Motor imagery is defined as a cognitive process, in which a person imagines rehearsing a task without performing the physical movement (Scandola et al., 2017). Neuroimaging studies have demonstrated that motor imagery produces similar patterns of neural activation to those of motor execution, particularly in pre-motor areas such as the left intraparietal sulcus, basal ganglia and cerebellum (Scandola et al., 2017; Athanasiou et al., 2018). Neuroimaging aside, motor imagery has shown the potential to assist in motor skill learning and rehabilitation for upper limb paralysis. In particular, motor imagery stimulated cerebral reorganization and improved motor functioning in patients with stroke and Parkinson’s disease (Page et al., 2009; Sun et al., 2013). Despite increasing interest in motor imagery for rehabilitative therapy, very few studies have investigated motor imagery for SCI rehabilitation.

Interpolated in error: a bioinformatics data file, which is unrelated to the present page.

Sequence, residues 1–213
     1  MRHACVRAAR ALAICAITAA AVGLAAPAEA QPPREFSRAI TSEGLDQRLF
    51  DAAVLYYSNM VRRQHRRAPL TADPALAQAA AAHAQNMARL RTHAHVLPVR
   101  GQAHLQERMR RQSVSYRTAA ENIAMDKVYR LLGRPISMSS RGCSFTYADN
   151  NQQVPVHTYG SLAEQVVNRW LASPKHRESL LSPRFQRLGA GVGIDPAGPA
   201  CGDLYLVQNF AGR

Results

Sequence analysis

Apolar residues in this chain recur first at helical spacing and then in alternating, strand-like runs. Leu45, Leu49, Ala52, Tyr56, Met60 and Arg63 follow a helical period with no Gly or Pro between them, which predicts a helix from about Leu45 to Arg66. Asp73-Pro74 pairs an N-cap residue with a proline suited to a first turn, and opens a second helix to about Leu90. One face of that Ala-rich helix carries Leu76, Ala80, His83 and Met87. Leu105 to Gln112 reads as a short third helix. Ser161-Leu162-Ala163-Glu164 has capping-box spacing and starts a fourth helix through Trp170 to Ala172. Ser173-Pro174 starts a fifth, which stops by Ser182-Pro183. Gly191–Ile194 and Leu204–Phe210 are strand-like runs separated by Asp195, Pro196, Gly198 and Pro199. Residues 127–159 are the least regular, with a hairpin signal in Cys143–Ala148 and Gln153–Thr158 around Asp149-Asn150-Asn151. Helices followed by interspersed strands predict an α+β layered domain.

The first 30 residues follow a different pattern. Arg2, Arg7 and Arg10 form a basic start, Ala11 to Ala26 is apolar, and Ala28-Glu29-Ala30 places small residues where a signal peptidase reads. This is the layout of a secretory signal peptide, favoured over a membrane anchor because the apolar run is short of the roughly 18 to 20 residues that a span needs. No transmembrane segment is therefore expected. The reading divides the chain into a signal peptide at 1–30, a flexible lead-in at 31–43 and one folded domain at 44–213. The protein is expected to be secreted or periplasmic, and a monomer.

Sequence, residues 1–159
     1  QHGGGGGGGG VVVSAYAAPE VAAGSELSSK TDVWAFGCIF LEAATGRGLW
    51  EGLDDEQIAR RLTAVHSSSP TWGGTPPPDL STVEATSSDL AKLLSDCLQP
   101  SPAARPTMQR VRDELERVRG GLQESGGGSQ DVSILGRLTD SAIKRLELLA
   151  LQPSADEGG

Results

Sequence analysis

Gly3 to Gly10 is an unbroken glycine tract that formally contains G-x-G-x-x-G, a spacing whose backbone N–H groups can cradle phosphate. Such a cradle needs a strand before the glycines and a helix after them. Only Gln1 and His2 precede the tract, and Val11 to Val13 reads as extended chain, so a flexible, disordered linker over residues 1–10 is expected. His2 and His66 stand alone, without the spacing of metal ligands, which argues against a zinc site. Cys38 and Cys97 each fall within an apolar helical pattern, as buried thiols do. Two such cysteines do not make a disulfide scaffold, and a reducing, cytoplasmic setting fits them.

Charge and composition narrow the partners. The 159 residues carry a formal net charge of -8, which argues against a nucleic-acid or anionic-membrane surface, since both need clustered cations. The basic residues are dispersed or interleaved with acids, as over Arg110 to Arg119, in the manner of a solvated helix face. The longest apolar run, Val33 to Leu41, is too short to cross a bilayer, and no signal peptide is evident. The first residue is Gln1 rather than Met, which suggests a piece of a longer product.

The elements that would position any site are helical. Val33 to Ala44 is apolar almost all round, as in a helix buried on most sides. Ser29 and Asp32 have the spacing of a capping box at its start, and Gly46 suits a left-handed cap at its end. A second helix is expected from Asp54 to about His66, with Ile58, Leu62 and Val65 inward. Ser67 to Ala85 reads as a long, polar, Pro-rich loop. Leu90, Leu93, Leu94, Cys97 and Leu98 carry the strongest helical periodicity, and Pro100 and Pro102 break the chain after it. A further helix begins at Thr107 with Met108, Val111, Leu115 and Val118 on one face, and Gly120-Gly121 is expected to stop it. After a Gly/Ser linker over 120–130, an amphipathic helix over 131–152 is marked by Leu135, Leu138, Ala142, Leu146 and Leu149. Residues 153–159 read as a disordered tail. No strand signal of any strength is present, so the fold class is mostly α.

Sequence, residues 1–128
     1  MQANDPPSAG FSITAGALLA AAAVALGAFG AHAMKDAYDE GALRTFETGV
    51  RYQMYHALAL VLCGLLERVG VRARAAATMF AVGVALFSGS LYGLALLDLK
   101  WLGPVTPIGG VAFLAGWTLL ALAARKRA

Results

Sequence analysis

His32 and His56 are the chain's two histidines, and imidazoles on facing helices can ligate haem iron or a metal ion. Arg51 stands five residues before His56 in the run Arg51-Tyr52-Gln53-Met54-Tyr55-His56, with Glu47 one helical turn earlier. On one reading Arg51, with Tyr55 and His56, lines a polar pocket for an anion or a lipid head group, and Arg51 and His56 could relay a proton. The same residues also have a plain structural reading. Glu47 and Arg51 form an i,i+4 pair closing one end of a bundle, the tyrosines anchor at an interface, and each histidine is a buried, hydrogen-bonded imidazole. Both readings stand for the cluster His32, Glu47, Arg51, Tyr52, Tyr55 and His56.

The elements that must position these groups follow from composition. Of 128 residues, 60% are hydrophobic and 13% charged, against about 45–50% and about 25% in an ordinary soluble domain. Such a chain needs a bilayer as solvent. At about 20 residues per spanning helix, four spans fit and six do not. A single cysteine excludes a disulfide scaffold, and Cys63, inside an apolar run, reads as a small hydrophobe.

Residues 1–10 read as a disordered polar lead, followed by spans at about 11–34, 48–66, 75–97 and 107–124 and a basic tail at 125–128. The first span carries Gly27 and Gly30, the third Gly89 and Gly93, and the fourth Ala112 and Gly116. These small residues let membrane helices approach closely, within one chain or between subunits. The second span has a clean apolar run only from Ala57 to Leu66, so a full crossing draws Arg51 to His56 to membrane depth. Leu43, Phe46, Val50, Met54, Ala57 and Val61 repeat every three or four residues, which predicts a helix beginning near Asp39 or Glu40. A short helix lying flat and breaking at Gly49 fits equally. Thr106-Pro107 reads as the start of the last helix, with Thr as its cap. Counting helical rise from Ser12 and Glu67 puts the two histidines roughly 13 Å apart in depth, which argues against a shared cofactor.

The methodological details and results of these studies are presented in Table 4.